A local marketing professional has created a business around using straps to promote businesses and sports teams.

Take a look at the straps of a backpack, a laptop case or a piece of luggage. They are everywhere, helping serve the necessary albeit uncreative purpose of transporting books, laptops and clothes from one location to another.

Where one might see a bland stretch of fabric, Stwrap founder and CEO Tom Augustine saw a blank canvas, ripe for a marketing opportunity.

"I was dropping my kids off at school and saw all these black straps on backpacks," he says. "They are dull and I thought there had to be a way to bring them to life."

He says he made the same observation at trade shows and while traveling. After mulling the idea over for about 10 years, he says, the Stwrap was born.

A Stwrap-the "w" is silent-is a simple one- to one-and-a-half inch band made of rubber that fits snuggly around a strap. The focal point of the accessory is a plastic dome emblazoned with the image of a favorite sports team or a corporate logo.

It faces forward on the strap of any bag, putting "branding front and center." Augustine used his 20-plus years in marketing and branding to help develop the product.

His day job is serving as president and co-founder of Minds On, a business-to-business digital marketing agency based in Lewis Center, and he is always working on new ideas, he says.

When he turned 40 he had an epiphany. He told himself there would be no more "what-ifs," and decided it was time to somehow bring the Stwrap to market.

"I like to create ideas and make them happen," he says, "not put them on a shelf."This is not the first unique marketing idea Augustine has brought to fruition. About 10 years ago he created the Lacelet-a decoration for shoelaces that sold for a dollar apiece to raise funds and awareness for juvenile diabetes research.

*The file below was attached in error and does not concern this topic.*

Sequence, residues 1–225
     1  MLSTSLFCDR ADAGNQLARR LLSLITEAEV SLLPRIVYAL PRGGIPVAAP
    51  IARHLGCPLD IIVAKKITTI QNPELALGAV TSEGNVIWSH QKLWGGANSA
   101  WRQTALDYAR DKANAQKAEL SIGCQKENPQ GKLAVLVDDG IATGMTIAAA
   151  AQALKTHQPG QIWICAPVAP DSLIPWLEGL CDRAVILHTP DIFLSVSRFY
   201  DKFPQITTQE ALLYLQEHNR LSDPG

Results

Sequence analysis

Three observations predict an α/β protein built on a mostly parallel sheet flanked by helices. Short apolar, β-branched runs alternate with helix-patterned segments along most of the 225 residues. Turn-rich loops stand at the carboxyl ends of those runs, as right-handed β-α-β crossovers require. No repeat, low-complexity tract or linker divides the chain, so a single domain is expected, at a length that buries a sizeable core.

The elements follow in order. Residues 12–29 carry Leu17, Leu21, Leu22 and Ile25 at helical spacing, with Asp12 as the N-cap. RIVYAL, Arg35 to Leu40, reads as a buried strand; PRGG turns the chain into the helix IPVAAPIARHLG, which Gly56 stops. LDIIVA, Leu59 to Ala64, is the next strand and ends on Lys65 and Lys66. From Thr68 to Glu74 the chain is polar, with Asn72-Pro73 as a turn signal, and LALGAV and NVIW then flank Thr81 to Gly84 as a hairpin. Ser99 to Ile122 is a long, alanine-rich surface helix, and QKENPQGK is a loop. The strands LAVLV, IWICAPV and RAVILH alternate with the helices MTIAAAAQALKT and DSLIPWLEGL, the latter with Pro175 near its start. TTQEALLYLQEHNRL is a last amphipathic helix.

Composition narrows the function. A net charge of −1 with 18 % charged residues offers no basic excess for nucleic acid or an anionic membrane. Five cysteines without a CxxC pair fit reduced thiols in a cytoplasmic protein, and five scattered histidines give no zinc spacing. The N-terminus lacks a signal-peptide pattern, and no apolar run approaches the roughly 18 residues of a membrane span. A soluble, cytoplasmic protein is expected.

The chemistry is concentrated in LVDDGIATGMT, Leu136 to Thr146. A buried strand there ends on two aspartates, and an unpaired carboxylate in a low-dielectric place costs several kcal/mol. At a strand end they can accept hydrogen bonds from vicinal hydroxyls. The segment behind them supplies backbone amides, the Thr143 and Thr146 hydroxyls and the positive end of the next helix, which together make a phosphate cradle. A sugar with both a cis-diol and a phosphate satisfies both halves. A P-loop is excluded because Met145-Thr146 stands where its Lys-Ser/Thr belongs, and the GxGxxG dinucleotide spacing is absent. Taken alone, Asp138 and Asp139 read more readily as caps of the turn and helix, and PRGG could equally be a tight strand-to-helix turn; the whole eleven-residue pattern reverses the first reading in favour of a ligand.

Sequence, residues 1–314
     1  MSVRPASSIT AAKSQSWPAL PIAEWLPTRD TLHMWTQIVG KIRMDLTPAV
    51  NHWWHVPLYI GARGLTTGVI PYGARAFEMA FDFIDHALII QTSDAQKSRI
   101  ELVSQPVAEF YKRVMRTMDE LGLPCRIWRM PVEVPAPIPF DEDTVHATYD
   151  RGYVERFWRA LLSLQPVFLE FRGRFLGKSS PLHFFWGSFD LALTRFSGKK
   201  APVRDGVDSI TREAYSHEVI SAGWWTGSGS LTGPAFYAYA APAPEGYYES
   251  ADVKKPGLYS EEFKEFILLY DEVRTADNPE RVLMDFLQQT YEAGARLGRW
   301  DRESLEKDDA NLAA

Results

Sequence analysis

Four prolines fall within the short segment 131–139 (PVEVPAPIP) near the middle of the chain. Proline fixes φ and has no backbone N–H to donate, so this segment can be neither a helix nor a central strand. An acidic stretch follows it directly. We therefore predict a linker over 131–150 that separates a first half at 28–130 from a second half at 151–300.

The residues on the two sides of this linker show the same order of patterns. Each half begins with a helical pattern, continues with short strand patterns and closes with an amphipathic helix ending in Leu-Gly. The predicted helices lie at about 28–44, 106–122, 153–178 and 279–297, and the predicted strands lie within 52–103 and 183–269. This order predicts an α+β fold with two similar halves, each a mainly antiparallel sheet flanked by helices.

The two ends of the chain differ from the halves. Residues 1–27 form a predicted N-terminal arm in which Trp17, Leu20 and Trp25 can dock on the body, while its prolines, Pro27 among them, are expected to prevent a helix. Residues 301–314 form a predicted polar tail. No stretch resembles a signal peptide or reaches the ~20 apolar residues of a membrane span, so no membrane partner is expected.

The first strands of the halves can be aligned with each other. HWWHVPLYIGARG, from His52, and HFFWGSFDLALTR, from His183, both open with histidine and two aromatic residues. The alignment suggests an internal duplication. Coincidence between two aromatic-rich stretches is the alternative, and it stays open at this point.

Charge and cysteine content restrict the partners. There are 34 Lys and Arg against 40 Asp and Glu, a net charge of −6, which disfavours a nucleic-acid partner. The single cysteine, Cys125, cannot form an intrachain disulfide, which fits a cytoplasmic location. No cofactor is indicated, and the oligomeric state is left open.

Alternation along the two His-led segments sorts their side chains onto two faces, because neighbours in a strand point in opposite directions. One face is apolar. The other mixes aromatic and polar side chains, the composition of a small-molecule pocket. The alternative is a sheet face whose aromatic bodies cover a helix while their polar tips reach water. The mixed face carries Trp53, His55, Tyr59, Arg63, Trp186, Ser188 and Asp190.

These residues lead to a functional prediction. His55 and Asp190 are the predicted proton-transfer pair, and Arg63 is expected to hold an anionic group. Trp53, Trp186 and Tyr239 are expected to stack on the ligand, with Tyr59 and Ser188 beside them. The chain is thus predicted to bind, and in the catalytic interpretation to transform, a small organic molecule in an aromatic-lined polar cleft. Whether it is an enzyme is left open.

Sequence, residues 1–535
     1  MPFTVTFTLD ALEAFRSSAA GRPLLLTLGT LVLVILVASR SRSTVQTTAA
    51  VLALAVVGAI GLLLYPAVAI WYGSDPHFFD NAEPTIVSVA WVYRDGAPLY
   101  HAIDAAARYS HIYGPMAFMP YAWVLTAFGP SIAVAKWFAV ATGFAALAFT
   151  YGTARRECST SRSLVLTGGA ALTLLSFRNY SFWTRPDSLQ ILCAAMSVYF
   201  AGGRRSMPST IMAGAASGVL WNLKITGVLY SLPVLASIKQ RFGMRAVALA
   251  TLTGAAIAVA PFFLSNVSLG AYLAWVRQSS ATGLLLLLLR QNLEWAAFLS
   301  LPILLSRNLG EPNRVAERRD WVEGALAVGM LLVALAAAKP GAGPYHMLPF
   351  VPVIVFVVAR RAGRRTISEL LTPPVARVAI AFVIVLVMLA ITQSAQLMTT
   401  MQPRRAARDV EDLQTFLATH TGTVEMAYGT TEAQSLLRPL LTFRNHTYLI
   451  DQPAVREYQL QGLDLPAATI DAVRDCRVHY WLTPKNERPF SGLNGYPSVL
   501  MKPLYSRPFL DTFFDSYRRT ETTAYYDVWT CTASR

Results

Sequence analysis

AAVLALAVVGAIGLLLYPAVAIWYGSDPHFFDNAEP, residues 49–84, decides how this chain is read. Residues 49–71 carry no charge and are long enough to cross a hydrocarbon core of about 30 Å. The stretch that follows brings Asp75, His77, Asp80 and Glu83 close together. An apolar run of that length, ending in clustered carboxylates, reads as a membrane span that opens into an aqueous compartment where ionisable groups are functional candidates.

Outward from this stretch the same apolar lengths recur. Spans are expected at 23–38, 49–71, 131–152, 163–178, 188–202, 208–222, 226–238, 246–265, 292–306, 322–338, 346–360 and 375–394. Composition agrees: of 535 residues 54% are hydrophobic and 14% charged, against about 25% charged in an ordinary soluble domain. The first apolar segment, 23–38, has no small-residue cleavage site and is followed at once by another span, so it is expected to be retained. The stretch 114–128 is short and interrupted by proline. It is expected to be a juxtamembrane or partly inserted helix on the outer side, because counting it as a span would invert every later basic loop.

But creating, manufacturing, marketing and selling the Lacelet was "overwhelming."

"It became a full-time job," he says. "Creating the molds, storing the inventory, you don't think about that stuff."

This time he says he looked for a way to outsource everything but the creative component.

Thanks to contacts he had via LinkedIn.com, he was able to form a partnership with WinCraft, an international sports licensing giant based in Winona, Minn.

After one PowerPoint presentation, WinCraft was sold on the idea of the Stwrap.

"We believe Stwrap has the potential to be a solid part of many of our merchandise programs over the next two to three years," says John Killen, president and CEO of WinCraft. "It has a great profile-collectible, affordable, fun and unique, a perfect recipe for success in the sports novelty business."

WinCraft creates, markets and sells the Stwrap. Thanks to this partnership, Augustine's product can sport the logos of all major professional sports in America, as well as those sporting events such as the Super Bowl, and dozens of colleges.

The plan is to also branch out into corporate logos, and there is a market for custom orders as well.

But Stwrap, which sells for $4.99, goes beyond logos. The company recently launched a line of Stwraps with NFL quarterbacks on them.

"Stwrap is a unique product positioned at an attractive price point making it affordable and collectible for a broad fan base," Killen says.

The product's retail launch took place in September, and Augustine expects the Stwrap to be in more retailers by the end of the year. It's making its way to bookstores at college campuses across the nation, as well as pro shops at stadiums throughout the country.

The possibilities for Stwrap, Augustine says, are truly endless.

"It's about promoting your brand in a very unique way," he says. "It will be the next big collectable item people can get their hands on. It's hard to find a licensed product that is so affordable."

Kelli Milligan Stammen is a freelance writer.